The only downer is that the first two of the three versions are pretty similar. In the “Parallel Universe Version” there are a few extra futuristic gadgets and a greater overall tendency for wide, reverberant spaces, but these are small variations, and I still give preference to the slightly richer original. The “Late Night Supernova Version”, on the other hand, is less rock, more soundscape with a lounge feeling, more synthetic and playful, and thus rich in nice ideas.

If you appreciate the Schreck-typical mix, you should be hooked by the song and excitedly anticipate the upcoming album – considering how different “The Futura Model” and the complex and meditatively spun “Lord Sutekh’s Dream” are. In any case, you can look forward to a certain similar bandwidth. Similar to Kingdom of Heaven, the solo works seem to be connected to the rocky original Radio Werewolf of the 80s, soaked in a dash of blues and Americana, which I very much welcome. The regular edition of the 12 ” was published in an edition of 222, an ultra-limited lovers edition contains among other items, a signed poster. (U.S.)”

Original German review here: http://africanpaper.com/2017/11/18/nikolas-schreck-the-futura-model-ep/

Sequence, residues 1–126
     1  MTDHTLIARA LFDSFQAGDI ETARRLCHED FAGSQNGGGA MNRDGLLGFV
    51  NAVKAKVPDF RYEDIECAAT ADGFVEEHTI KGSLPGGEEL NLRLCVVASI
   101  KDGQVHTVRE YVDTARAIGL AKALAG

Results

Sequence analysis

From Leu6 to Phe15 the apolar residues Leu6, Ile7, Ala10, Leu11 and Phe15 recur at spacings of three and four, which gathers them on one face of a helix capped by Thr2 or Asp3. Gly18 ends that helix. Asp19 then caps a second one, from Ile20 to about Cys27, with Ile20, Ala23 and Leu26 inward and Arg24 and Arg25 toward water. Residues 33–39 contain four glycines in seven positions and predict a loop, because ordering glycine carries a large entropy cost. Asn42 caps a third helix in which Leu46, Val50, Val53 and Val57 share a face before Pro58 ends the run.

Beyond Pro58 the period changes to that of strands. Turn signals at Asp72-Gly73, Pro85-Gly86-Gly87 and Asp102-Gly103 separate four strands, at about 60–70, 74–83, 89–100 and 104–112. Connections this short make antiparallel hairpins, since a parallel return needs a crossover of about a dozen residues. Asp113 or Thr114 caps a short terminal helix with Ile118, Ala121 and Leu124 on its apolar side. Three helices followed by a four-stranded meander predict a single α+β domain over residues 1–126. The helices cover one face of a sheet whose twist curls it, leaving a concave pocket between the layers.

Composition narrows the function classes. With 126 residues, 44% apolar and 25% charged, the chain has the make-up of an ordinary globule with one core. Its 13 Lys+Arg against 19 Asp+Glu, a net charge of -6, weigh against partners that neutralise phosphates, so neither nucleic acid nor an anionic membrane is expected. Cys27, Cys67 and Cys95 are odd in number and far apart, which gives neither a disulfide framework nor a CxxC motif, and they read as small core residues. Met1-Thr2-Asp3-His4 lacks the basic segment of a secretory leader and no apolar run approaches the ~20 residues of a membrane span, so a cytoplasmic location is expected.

Nikolas Schreck WGT 2017 Concert Reviewed By Der schwarze Planet

 

Nikolas Schreck performing at WGT 2017 on 2 June 2017. Photo by Shan Dark, Der schwarze Planet.
Nikolas Schreck and his band (Heathen Rae on drums, Ohnesorg on bass, FTDrop on Keyboards) performing at WGT 2017 on 2 June 2017. Photo by Shan Dark, Der schwarze Planet.

To read original German article, please see  http://der-schwarze-planet.de/mein-schreckliches-wgt-2017/

Nikolas and his band's performance one month ago today was singled out as one of the ''Best Concerts at WGT 2017'' by Shan Dark of DER SCHWARZE PLANET in her article ''Mein SCHRECKliches WGT 2017''. For those who don't read German, we translated some excerpts into English for you: